French man accuses Netflix of racism over Muslim slur

The man was filmed without his permission and a derogatory term for ultra-conservative Muslims was used in the film's subtitles

FILE PHOTO: The Netflix logo is pictured on a television in this illustration photograph taken in Encinitas, California, U.S., January 18, 2017.  REUTERS/Mike Blake/File Photo

A French man of North African origin has accused Netflix of racial discrimination for calling him a radical Islamist in an action movie for which he was filmed without his knowledge, his lawyer said Monday.

Sentinelle, set in the southern city of Nice, tells the story of an elite French soldier returning from service in Syria and embarking on a mission to find the man who raped her sister.

One scene shows the protagonist, Klara, looking through the sights of her rifle at two young friends saying goodbye to each other.

The scene was shot on the Promenade des Anglais, the seaside walk where a Tunisian radical ran down 86 people with a truck on July 14, 2016.

The French subtitles Netflix provided to describe the scene for the hard of hearing refer to two young "barbus" – a derogatory term for ultra-conservative Muslim men that means "the bearded ones".

One of the men, a 21-year-old electrician from Nice, filed a criminal complaint against Netflix over the description, accusing the company of "provoking discrimination and racial hatred", his lawyer Jean-Pascal Padovani said.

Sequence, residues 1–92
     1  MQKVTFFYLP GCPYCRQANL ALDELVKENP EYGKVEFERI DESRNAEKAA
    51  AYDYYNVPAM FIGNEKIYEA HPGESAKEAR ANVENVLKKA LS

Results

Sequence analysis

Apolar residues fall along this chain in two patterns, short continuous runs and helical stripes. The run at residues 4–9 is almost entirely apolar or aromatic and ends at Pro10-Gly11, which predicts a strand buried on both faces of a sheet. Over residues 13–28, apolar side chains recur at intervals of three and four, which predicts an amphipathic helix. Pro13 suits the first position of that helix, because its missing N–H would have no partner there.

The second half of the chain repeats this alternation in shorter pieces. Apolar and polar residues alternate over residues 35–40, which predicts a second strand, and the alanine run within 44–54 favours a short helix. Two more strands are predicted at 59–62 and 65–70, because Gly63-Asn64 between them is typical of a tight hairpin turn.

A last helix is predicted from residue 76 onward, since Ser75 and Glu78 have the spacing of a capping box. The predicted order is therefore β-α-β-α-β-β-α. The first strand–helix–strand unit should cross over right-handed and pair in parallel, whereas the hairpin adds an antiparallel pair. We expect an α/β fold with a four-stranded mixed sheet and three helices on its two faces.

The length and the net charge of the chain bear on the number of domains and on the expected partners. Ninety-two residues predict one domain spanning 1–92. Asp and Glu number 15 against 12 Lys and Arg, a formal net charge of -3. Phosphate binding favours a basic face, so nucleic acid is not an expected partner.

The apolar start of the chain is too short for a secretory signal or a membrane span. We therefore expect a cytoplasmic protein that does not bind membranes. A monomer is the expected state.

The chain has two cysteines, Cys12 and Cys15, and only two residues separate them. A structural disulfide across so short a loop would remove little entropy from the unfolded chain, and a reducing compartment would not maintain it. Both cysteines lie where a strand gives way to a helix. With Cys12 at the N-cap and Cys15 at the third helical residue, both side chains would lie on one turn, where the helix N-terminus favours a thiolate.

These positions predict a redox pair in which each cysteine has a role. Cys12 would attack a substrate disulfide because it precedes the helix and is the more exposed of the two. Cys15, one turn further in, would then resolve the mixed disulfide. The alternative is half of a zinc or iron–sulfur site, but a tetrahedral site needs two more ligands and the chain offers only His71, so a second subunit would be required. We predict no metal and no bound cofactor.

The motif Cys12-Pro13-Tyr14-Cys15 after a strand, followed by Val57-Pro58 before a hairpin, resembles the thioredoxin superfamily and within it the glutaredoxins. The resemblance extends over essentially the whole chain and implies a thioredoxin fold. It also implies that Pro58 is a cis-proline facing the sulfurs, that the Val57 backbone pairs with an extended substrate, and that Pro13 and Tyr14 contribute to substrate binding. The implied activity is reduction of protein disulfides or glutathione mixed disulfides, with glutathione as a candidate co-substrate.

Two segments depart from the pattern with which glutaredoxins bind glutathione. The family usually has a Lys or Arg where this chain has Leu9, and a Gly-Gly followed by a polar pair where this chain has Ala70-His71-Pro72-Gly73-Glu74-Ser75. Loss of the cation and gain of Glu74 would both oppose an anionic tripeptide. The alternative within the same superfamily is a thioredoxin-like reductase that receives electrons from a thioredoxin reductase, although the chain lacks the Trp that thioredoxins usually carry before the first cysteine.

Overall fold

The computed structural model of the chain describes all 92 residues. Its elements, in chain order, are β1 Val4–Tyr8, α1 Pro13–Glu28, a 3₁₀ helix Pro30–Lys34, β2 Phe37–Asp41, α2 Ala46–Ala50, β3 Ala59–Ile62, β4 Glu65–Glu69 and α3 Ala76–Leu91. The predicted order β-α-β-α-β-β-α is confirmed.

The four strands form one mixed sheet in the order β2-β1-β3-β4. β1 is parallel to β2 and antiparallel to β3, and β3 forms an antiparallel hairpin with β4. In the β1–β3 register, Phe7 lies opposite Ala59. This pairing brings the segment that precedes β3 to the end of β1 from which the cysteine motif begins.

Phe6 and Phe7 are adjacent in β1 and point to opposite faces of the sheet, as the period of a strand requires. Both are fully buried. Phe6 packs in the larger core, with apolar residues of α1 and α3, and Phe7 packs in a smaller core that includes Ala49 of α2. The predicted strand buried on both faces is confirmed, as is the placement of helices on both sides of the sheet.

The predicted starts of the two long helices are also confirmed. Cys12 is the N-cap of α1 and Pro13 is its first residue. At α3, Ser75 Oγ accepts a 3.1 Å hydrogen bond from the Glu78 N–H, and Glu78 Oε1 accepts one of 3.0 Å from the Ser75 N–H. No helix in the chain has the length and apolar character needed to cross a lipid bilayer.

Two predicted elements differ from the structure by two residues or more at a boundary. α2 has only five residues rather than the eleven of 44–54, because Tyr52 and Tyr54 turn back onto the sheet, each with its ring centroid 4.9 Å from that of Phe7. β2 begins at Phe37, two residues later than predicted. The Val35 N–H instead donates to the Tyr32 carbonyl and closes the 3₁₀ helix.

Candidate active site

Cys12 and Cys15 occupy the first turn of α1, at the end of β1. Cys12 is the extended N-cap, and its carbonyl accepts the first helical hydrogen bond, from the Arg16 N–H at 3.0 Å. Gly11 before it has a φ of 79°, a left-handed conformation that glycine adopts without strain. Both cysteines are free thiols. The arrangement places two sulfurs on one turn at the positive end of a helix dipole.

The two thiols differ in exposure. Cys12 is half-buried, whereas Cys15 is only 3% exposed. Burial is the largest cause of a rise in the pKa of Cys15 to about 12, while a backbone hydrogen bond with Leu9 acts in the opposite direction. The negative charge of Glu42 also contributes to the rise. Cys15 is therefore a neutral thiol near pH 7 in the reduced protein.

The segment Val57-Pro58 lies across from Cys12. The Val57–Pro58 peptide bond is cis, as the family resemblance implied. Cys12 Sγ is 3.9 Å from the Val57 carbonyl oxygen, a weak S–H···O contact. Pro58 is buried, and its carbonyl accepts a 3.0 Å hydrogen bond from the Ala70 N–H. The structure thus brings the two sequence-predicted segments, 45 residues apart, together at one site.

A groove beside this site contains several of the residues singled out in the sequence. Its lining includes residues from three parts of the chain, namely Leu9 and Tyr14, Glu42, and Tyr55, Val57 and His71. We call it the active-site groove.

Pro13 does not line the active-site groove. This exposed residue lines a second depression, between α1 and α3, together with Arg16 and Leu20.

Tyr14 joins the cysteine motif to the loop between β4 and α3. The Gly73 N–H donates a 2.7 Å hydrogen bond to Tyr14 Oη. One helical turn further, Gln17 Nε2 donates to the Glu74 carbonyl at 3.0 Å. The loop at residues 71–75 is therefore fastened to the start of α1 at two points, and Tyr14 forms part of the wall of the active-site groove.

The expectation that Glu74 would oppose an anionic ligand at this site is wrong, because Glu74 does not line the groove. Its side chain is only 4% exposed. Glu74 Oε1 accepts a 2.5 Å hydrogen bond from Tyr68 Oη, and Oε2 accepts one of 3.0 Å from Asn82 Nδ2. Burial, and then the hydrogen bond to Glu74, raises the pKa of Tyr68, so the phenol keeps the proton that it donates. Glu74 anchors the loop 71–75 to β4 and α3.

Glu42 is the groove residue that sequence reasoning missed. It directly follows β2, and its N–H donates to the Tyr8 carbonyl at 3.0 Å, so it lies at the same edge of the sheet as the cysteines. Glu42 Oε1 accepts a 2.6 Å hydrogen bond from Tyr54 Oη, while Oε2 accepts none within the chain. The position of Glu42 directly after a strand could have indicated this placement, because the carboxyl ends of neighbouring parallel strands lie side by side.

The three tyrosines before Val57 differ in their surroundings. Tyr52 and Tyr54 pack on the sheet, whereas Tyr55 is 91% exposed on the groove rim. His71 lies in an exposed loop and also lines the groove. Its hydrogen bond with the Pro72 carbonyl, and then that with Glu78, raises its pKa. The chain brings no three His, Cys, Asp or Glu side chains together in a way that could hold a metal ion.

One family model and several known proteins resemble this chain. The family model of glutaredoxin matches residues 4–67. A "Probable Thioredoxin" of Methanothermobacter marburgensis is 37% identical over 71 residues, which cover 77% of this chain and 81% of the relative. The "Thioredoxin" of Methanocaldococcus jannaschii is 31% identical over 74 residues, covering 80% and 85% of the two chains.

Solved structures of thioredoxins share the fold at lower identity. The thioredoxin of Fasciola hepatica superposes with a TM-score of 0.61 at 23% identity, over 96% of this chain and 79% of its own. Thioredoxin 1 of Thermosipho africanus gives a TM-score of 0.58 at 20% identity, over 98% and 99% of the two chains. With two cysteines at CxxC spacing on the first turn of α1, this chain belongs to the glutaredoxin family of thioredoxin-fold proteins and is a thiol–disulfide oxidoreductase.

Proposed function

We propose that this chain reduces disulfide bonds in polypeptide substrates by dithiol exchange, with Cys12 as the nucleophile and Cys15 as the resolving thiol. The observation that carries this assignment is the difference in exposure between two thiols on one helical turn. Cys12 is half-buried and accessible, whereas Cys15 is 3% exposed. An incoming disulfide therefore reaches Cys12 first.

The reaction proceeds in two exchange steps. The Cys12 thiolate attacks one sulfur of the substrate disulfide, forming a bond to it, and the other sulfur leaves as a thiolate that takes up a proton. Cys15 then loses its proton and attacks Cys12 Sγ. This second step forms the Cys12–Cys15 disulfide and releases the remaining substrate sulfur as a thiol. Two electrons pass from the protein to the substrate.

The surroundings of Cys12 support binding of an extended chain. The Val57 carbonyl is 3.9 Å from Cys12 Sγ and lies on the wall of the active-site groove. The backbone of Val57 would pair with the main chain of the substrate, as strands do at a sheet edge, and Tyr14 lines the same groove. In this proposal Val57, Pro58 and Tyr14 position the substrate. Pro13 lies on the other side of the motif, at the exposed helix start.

"The director took the liberty of drawing a line between the North African features of the people he filmed ... and religious fundamentalists," Mr Padovani said.

That the shot was filmed at the scene of one of the worst terror attacks in French history was even more suggestive, he said.

"It's unacceptable as it suggests that anyone of North African origin is a potential terrorist," Mr Padovani said.

A representative of Netflix, which was the target of the complaint as the film's broadcaster, declined to comment on the matter to AFP.

But it has removed the term "barbus".

Mr Padovani said his client received more than 80 messages from acquaintances who recognised him in the film, which was shot in 2019 and began streaming on Netflix in March.

Some expressed shock at seeing him depicted as a terrorist, he said.

The complainant is also considering suing Netflix for using his image for commercial purposes without his permission, Mr Padovani said.

Sentinelle was directed by French filmmaker Julien Leclercq.

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